“Our goal is to be able to do this in the spring, and all the folks here are going to be pushing really, really hard to make that happen,” Petrie-Norris said at a news conference Thursday outside the state Capitol.

Petrie-Norris said the intent of the group of Democratic lawmakers — which included moderate legislators — was to provide as much relief as possible to as many Californians as possible. But she acknowledged that decisions about who would receive a rebate and how much they would get will be hashed out in negotiations with the legislative leadership and the governor.

Assembly Republican Leader James Gallagher of Yuba City said he supports the proposed tax rebates, especially since the Newsom administration expects a $45-billion budget surplus. Gallagher wants to suspend the state gas tax as well.

“There’s an urgent need right now with the high costs across the board, not just gas, but all of our daily living costs have increased. People need relief now,” Gallagher said.

Why $400?

Petrie-Norris said the $400 tax rebate figure was used because it equals the amount a typical Californian pays in state excise taxes on gasoline per year. She said California drivers on average fill up their gas tanks 52 times a year. California’s highest-in-the-nation gas tax is 51 cents per gallon.

“That’s a yearlong gas tax holiday,” she said.

Why not just cut the state gas tax?

Republican lawmakers are pushing for a six-month suspension of the state gas tax, arguing that it would be the most effective way to provide direct financial relief to Californians reeling from high gas prices.

“The thing about a gas tax suspension is that it is naturally targeted at folks who are feeling the pain,” said Assemblymember Kevin Kiley (R-Rocklin). “People who are driving the most because let’s say they live in a rural area, or maybe they have to commute a long distance to work, or maybe they have several kids they have to drive to school, the benefit will be commensurate with the pain that they’re feeling right now.”

Kiley’s bill to suspend the gas tax failed in the Democratic-controlled state Assembly on Monday, though the lawmaker said he plans to force another vote on the proposal next week.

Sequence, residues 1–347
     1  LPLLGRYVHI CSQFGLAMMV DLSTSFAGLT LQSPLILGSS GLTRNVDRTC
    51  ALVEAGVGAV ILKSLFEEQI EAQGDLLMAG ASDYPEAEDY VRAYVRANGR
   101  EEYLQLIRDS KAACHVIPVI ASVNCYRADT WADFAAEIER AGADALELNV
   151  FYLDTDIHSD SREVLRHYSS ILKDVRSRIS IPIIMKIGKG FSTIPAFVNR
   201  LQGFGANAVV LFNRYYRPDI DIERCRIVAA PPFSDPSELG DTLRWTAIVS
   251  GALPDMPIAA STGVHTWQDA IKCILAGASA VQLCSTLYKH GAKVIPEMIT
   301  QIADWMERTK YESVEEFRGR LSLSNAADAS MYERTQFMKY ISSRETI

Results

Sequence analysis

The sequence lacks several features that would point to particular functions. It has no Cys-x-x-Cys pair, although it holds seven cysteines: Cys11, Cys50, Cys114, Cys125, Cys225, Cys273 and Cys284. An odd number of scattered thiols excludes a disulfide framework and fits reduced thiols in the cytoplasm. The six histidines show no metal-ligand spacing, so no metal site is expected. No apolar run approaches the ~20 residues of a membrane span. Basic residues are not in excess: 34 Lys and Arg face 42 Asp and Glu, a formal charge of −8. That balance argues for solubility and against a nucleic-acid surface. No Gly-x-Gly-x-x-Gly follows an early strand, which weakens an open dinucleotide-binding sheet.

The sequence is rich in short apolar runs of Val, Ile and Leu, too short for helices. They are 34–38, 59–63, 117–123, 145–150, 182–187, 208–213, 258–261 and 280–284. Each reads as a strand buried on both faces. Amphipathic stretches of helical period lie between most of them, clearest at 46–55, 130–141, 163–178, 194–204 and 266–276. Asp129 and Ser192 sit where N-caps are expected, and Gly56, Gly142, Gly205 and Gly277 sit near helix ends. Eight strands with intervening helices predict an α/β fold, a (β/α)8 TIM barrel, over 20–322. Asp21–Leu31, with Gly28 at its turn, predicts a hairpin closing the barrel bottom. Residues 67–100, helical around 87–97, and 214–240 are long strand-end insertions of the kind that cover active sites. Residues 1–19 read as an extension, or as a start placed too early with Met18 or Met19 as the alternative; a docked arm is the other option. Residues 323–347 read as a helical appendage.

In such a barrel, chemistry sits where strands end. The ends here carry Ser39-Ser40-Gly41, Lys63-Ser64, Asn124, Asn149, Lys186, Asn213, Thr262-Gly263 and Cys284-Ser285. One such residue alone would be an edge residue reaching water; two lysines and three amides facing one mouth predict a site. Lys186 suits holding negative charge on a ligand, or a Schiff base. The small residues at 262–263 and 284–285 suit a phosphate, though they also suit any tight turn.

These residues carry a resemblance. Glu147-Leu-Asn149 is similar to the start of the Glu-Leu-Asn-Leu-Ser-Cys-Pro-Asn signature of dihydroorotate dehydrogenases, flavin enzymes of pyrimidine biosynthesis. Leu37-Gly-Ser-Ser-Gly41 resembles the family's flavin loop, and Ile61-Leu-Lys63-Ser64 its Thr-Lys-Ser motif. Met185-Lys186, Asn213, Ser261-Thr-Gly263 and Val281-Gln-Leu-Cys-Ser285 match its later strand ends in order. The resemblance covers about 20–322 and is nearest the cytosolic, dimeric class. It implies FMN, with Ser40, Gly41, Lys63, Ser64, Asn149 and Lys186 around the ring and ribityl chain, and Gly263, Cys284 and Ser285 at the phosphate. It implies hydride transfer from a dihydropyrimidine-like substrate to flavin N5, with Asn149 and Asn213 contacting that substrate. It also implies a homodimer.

Assembly Speaker Anthony Rendon (D-Lakewood) and Senate Pro Tem Toni Atkins (D-San Diego) have said cutting the gas tax would endanger critical repair work being done on California’s crumbling roads, bridges and other essential transportation projects. They also said it would not provide substantial financial assistance to Californians.

Both the governor and Democratic lawmakers also said there’s no guarantee that oil companies would lower gas prices if the tax is suspended, warning that the companies might pocket the savings instead of passing them along to drivers at the pump.

Kiley dismissed that as political gamesmanship. He noted that Democratic Gov. Ned Lamont of Connecticut called on lawmakers in his state to suspend one of two taxes on gasoline by 25 cents per gallon until the end of June. Kiley also noted that the nonpartisan Legislative Analyst’s Office said in a February report that cutting California’s gas tax would save drivers money when filling up.

“Available evidence suggests that lower excise taxes likely would result in lower retail prices. The exact effect on retail prices is uncertain, but most of the change in the tax rate likely would be passed through to prices at the pump,” the report stated.

What are the odds that a $400 tax rebate will pass?

It’s clear that the governor and both Democratic and Republican leaders in the Legislature want to provide tax relief to Californians hit hard by high gas prices as well as increasing costs for food, housing and other daily needs. Because of the give-and-take of most spending negotiations in Sacramento, however, the odds of the $400 tax rebate proposal passing as is are not high.

Newsom and the Legislature’s Democratic leadership continue to negotiate over the best ways to help alleviate the financial pain at the gas pump, and some of the ideas that have been discussed include sending tax rebates to Californians with registered cars and sending out stimulus checks. In his January budget proposal, Newsom called for canceling an increase in California’s gas tax scheduled for July, indicating that he’s not completely opposed to tinkering with the state’s fuel taxes.

Click here to read the full article at the San Diego Union Tribune